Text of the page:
THE BIGGEST problem for any country or company is a crisis of confidence. During the peak of the global recession, we saw what a lack of confidence can do to the biggest financial institutions and the richest nations in the world.
Although everyone may have hoped that those problems were behind us, the rapid deleveraging that we have seen over the past few weeks indicate that we are in the midst of another crisis brought on by the fear that certain countries within the Eurozone could default on debt.
Although this crisis is very different from the one that triggered the global recession, it is no less powerful. Investors around the world are so concerned about putting their money into European assets that they have bailed out of anything Europe – including European stocks and the euro. Both instruments have been sold aggressively since the middle of January. Unless European policymakers do for Greece, Portugal or Spain what the UAE did for Dubai, investors will be very weary of diving back into European assets.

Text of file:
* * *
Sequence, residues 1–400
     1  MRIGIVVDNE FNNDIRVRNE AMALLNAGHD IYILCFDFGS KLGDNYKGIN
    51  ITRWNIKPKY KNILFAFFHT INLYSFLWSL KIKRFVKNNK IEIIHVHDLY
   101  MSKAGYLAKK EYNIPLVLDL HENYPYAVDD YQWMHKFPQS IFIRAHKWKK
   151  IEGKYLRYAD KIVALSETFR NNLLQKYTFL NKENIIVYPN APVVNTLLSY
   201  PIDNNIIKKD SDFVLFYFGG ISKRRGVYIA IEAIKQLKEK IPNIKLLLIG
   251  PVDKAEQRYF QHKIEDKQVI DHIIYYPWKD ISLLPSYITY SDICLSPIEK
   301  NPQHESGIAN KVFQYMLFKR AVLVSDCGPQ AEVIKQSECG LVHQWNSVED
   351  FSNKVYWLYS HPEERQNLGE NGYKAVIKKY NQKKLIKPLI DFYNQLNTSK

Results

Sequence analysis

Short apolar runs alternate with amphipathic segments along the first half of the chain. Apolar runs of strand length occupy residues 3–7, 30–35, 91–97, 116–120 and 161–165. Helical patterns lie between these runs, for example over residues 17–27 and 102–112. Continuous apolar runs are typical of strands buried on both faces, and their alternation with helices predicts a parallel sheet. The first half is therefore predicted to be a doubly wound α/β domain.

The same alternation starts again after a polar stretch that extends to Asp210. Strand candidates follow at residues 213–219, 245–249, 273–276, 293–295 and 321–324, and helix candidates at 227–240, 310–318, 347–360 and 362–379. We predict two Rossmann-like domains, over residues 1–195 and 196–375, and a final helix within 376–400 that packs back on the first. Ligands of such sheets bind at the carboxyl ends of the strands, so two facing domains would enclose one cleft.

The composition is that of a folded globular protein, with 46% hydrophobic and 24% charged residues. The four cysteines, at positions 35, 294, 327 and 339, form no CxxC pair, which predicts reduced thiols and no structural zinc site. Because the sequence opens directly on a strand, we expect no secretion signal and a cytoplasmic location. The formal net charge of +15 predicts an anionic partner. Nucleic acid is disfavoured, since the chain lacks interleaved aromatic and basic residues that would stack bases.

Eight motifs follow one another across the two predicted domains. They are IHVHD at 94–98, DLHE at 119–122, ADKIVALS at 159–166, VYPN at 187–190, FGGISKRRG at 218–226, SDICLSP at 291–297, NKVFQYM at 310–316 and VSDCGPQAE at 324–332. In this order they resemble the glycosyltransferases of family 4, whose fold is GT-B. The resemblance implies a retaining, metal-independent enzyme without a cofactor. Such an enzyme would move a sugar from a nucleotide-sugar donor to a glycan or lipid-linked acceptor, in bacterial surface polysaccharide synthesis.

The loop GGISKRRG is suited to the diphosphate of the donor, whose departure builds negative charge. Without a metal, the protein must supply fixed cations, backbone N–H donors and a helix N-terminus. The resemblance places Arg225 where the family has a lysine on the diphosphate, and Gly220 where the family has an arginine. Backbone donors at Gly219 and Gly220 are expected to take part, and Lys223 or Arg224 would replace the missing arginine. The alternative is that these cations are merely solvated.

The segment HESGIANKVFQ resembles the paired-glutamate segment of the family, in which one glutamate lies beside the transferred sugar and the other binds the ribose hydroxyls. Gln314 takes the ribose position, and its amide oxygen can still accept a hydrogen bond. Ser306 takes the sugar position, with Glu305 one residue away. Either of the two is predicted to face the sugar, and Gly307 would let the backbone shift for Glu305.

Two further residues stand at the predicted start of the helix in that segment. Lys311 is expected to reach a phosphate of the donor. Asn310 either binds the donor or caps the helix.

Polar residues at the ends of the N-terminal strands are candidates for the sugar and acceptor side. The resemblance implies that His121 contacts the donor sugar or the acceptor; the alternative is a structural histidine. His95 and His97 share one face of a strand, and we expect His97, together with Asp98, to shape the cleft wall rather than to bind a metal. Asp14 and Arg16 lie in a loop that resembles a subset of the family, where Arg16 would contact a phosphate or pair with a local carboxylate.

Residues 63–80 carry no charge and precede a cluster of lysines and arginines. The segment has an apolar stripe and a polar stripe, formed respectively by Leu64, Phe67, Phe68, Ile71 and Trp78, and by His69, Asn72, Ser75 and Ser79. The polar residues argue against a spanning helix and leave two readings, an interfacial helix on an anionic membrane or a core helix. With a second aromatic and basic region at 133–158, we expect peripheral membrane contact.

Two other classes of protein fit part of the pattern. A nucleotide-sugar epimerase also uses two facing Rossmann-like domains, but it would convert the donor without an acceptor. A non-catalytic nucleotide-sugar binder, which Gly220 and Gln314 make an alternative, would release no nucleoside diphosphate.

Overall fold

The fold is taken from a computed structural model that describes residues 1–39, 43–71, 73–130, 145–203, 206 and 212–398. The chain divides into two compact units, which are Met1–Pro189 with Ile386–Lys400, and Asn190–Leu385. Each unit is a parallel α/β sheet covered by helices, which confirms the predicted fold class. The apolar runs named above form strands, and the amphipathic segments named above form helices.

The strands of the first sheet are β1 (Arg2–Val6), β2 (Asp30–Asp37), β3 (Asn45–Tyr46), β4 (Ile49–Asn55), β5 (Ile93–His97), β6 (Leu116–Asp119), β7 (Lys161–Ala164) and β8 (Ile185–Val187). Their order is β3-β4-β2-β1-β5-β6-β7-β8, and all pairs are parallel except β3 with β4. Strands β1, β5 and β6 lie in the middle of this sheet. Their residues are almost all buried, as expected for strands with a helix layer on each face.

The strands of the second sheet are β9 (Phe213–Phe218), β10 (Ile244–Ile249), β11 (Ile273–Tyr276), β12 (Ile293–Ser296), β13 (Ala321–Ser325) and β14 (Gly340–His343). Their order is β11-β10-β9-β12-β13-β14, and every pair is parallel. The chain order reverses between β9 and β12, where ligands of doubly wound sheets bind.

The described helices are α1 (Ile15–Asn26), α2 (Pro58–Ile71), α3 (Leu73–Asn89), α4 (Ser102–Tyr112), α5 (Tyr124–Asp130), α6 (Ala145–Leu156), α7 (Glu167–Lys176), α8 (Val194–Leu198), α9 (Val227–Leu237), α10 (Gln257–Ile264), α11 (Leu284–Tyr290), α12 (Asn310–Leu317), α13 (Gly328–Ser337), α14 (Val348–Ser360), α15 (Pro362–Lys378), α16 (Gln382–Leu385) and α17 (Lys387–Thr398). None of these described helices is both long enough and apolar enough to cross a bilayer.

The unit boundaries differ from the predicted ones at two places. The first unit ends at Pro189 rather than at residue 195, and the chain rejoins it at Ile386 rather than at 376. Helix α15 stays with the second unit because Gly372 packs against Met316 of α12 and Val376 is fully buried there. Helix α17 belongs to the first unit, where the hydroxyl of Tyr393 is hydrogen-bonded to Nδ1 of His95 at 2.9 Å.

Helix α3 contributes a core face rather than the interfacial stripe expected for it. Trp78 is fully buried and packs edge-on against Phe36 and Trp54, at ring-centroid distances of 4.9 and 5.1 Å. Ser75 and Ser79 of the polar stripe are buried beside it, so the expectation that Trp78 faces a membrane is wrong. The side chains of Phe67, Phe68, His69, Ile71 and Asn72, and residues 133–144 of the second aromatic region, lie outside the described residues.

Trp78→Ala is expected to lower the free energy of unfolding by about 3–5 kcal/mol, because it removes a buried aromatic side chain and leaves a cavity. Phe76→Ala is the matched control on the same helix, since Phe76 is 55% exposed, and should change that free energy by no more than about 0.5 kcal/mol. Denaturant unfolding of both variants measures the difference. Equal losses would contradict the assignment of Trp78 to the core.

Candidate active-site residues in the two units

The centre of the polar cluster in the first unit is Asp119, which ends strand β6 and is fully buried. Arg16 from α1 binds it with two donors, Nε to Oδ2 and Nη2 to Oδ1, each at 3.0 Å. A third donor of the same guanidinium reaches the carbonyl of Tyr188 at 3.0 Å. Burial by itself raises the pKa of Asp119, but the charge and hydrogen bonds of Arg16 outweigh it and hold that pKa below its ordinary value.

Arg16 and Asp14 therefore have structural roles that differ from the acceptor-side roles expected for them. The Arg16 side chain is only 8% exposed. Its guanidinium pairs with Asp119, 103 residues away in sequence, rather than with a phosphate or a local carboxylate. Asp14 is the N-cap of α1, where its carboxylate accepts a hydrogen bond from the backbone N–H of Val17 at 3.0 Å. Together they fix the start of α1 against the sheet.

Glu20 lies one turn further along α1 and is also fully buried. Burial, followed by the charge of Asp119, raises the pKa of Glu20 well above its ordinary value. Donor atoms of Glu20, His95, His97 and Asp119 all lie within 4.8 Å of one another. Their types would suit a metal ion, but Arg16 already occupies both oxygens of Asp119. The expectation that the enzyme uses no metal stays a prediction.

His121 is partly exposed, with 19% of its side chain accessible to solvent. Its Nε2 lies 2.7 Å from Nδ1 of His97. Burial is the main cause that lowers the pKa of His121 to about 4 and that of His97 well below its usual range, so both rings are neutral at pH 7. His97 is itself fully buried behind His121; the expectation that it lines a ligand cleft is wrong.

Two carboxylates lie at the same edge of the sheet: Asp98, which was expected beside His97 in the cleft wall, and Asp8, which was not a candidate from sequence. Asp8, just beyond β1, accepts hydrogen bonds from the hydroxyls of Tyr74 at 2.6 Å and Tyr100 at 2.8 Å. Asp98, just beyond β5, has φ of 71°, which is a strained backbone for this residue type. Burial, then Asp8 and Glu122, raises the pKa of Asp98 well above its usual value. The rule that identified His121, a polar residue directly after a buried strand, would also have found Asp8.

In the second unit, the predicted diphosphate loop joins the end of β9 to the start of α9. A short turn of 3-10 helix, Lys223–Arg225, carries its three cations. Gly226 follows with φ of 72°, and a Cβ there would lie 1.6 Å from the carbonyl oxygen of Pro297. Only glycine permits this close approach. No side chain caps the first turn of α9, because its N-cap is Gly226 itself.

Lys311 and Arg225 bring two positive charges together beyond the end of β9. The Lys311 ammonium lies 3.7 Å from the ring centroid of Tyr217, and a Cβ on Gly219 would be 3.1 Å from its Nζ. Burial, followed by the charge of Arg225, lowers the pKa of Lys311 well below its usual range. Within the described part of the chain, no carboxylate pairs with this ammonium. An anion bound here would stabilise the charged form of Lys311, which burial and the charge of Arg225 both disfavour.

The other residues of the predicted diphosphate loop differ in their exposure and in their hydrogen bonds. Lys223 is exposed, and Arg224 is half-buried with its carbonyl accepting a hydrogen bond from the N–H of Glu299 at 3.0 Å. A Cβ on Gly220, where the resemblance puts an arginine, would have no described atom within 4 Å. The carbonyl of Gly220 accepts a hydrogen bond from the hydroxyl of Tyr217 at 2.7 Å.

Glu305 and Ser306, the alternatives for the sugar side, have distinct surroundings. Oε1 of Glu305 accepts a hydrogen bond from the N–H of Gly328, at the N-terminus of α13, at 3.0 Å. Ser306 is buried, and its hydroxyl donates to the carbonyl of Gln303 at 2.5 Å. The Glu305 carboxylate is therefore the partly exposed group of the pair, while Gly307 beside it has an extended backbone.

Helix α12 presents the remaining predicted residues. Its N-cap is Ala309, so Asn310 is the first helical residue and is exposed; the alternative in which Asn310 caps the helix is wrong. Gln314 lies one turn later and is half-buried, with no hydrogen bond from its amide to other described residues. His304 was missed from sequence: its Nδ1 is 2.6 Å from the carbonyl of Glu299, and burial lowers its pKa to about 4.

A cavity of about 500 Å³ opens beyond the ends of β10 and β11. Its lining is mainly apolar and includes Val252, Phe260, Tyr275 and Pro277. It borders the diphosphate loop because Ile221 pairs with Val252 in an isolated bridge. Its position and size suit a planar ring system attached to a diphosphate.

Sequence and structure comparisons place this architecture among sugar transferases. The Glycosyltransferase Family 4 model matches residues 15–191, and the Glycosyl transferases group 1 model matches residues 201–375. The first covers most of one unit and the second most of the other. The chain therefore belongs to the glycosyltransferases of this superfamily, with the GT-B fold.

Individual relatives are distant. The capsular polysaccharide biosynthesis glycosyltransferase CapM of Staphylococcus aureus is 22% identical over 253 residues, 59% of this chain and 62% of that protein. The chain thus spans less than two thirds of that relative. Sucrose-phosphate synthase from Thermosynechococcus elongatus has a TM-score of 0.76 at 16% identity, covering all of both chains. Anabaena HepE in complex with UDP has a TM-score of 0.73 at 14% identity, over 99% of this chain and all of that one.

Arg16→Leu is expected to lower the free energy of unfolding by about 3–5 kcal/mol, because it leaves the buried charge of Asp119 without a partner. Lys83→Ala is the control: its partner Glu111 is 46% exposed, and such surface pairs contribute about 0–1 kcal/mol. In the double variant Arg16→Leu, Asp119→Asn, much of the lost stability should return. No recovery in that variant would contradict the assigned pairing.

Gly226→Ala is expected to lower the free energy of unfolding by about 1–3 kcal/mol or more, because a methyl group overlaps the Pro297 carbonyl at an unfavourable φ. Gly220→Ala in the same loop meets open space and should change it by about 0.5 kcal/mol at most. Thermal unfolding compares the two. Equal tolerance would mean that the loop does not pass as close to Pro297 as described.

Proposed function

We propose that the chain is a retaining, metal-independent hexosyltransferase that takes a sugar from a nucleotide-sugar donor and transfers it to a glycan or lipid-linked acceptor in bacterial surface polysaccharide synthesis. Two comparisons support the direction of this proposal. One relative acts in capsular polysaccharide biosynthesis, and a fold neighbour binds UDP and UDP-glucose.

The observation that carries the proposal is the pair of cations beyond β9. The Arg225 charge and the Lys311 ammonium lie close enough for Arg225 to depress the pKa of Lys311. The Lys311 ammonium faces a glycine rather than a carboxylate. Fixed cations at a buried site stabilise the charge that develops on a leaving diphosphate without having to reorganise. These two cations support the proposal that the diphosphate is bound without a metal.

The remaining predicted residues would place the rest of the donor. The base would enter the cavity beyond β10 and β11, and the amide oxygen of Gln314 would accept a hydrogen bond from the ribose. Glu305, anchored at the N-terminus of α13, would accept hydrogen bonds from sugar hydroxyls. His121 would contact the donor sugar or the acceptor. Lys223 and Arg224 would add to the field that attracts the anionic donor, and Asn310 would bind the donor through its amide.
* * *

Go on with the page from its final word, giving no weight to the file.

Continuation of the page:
DEBT OVERSHADOWING DATA
Therefore even though there are a number of economic releases due from Europe this week including GDP numbers from the Eurozone, trade and industrial production numbers from Germany and the UK, sovereign debt problems will most likely overshadow economic data.
The Bank of England is also set to release its quarterly Inflation Report and based upon the central bank’s monetary policy statement, it is not convinced that the improvements in the economy and uptick in inflation is here to stay. If investors have reasons to be less concerned about European fiscal deficits, the euro and stocks could recover, otherwise the path of least resistance is downwards.
Forex commentary by Kathy Lien, director of currency research, GFT. Read her daily commentary at www.GFTUK.com/commentary or e-mail your questions to BorisandKathy@gftuk.com